Power was an essential part of Jesus’ earthly ministry. Yet, clearly, Jesus displayed his power only when it had a love purpose connected to it. Think about it! His healings were his demonstrations of love. They were not administered en mass, but one on one. When he multiplied the fish and loaves of bread, his love saw five thousand hungry stomachs. Love bailed out an about-to-be-embarrassed couple at a wedding when he turned water into wine. His love even helped the disciples pay their taxes when he led them to a genuine GOLD-fish.
Show Me the Power!
The Pharisees repeatedly asked Jesus, “Show us a sign [of your power]…” (Mt. 16:1–4, italics mine). Jesus response was emphatic…“A wicked and adulterous generation looks for a miraculous sign [of power]…” (italics mine).
At the temptation of Jesus in the wilderness, the devil, in essence, said to Christ, “Show me the power!” While Jesus responded, “Watch the love!” Just consider the three blows that Satan targeted towards Christ and how he countered them. (I’ll paraphrase the account from Matt. 4:1–11.) Satan confronted the man, Jesus, with three enticements.
First, while Jesus was deep into a time of fasting and prayer, the enemy suggested, “If you’re the ‘Son of God’, prove it! Show me the power by turning these stones to bread.” Jesus returned, “Watch the love of a heart that more deeply craves my Father’s words than bread itself.”
Second punch. Taking Christ to the highest point of the Temple, the devil urged, “Show me the power by jumping…and let’s see if the angels will spot you!” Jesus came back, “Watch the love that refuses to play games with God!”
Finally, the last punch: the Tempter positioned (if you will) a big screen TV in front of Jesus (in a manner of speaking) and ran the most panoramic and descript “video” anyone has ever seen of all the enticements and temptations the world has to offer and solicited, “Look at the power. Just worship me and all this can be yours!” Satan dug just deep enough, however, to discover Jesus’ stubborn streak. Our Lord soon retorted, “Watch the love that will not break faith with my Father. There is no one else a man should worship but God and God alone!” Now that’s power…power over the enemy. That kind of love was too tough for even Satan to penetrate.
Power often blinds us to love. Power often got in the way of Jesus’ disciples and kept them from seeing his love purpose. Jesus attended a dinner given in his honor at the home of Lazarus, the man who had personally experienced perhaps Christ’s most powerful miracle —being raised from the dead. As Jesus and Lazarus were being served the meal by his sister Martha, another sister, Mary, took her most precious personal resource, a bottle of perfume worth a year’s salary, and poured it on Jesus’ feet wiping them with her hair. Facing a cross within a week, Jesus was deeply moved by her sensitivity. On the contrary, Judas was incensed. Here’s Jesus’ response: “How beautiful!” On the contrary, this was the response of Judas: “What a waste! That was worth a year’s salary.” One event. Two views. The difference? Judas saw THE POWER of money while Jesus simply saw THE POWER of love.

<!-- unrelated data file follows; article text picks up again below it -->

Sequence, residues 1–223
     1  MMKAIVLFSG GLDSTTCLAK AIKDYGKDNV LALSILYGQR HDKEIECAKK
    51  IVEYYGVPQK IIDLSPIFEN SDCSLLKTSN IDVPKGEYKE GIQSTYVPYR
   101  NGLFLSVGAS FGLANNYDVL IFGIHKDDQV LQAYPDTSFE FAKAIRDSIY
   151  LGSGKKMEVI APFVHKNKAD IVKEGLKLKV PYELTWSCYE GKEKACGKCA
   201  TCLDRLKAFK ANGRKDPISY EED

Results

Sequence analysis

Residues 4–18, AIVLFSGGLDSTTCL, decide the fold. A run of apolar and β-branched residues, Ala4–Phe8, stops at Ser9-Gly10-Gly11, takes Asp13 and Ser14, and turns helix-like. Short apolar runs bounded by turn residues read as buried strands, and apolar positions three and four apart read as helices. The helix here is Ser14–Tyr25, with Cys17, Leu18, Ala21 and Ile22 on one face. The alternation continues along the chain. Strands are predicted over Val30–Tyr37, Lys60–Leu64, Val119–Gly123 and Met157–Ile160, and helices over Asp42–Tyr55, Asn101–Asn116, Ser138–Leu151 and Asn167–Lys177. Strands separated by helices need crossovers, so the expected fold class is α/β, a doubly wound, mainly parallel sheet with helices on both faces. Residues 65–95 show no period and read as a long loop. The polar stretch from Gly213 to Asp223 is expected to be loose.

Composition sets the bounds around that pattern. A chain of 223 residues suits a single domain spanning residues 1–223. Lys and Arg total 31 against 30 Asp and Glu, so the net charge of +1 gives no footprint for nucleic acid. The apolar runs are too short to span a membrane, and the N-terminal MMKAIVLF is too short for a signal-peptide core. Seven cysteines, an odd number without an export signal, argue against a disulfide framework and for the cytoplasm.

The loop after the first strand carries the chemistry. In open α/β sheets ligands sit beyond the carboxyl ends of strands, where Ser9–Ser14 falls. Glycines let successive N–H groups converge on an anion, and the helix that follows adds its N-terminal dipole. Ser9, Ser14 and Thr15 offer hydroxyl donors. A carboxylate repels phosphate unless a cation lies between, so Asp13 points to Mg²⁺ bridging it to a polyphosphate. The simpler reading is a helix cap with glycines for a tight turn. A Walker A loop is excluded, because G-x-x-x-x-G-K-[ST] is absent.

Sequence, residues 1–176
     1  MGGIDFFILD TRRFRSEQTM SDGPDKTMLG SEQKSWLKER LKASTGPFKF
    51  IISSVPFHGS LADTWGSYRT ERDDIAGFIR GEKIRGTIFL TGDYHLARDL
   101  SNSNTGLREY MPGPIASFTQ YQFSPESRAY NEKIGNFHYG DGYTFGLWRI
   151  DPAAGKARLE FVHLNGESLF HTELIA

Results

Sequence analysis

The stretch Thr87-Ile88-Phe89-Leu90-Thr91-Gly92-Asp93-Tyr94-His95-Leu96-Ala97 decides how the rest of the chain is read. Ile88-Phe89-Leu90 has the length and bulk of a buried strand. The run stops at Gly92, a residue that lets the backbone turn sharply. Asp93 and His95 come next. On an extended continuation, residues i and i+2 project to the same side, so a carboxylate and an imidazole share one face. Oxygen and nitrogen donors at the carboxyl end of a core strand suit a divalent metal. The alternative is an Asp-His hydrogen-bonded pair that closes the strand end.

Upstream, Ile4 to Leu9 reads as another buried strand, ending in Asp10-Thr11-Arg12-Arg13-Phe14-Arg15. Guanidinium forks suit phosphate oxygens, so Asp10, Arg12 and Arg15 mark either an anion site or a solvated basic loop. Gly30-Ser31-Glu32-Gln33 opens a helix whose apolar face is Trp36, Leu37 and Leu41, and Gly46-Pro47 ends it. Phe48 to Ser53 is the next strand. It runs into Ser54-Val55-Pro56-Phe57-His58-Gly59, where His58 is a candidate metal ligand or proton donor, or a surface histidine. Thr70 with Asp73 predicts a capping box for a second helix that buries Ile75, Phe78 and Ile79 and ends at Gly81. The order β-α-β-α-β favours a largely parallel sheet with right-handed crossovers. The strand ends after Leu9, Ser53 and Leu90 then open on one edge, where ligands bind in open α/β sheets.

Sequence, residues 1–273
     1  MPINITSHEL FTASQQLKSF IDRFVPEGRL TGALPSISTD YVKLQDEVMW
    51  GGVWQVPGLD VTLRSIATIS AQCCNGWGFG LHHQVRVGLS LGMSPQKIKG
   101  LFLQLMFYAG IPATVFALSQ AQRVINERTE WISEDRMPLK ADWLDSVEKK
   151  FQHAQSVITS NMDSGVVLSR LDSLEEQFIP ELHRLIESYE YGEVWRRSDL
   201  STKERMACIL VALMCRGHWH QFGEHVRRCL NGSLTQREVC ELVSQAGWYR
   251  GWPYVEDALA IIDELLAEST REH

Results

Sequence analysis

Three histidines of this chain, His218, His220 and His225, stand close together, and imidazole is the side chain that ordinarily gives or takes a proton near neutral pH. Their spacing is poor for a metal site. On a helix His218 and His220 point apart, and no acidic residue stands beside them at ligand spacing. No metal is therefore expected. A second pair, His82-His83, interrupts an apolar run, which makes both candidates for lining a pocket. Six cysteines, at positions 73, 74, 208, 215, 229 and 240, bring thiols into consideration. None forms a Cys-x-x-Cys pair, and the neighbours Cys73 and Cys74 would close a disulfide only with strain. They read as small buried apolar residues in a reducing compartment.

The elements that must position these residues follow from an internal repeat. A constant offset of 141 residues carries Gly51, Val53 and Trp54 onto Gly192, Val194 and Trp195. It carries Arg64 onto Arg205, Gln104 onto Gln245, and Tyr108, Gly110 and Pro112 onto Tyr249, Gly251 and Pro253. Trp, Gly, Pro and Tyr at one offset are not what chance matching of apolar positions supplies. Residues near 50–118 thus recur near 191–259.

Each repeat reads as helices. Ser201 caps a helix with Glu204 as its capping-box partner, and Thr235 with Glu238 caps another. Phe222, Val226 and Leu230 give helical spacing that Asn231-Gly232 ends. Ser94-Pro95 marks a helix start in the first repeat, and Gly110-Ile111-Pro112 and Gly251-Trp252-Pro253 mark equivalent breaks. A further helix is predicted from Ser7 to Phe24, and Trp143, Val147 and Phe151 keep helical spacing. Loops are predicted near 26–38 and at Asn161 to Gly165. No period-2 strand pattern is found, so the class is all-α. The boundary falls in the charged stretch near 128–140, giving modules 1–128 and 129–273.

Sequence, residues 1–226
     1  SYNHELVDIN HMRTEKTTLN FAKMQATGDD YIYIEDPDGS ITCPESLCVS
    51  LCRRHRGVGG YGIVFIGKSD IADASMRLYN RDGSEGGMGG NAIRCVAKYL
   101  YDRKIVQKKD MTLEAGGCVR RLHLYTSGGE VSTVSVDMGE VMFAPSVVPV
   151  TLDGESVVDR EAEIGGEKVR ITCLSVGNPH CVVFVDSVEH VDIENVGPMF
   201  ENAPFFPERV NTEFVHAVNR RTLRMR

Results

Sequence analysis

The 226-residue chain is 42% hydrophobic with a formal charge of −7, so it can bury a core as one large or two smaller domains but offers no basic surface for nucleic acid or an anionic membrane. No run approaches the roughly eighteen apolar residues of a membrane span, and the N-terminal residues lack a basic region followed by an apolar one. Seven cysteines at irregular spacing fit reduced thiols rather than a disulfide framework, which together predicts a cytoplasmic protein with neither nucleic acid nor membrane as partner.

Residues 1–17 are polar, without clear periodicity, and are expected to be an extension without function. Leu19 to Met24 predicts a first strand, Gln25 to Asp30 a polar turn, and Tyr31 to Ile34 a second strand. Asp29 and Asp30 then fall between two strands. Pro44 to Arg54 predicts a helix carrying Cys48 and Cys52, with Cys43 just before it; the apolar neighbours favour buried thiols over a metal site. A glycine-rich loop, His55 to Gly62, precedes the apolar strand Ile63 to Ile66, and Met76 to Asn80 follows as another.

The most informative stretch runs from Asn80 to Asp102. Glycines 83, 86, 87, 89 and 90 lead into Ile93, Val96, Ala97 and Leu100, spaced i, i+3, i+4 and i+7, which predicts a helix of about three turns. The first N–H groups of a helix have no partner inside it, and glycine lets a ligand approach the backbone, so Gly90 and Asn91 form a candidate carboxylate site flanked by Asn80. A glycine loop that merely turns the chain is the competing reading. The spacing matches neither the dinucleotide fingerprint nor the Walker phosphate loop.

At Jesus’ arrest, Peter abruptly drew his sword and lunged towards the blood-thirsty horde. He struck the High Priest’s servant and cut off his ear. Jesus rebuked his action, “Put your sword back in its place…for all who draw the sword will die by the sword (ie: ALL WHO LIVE BY POWER WILL BE DESTROYED BY POWER). Do you think I cannot call on my Father, and he will at once put at my disposal more than twelve legions of angels? But how then would the Scriptures be fulfilled that say it must happen in this way?” (Mt. 26:52–54). The principle was clear. Jesus had power at his easy access, but a greater power kept him focused and controlled…the power of love, love for the lost souls he had come to save. Peter, once again, had let power get in the way of love.
Tony Campolo writes (The Power Delusion, p. 11), “…a craving for power interferes with love and destroys personal relationships. The desire to be powerful interferes with the possibility of our being real Christians. …Salvation lies in being surrendered to God, serving others, and giving up all attempts to be powerful.”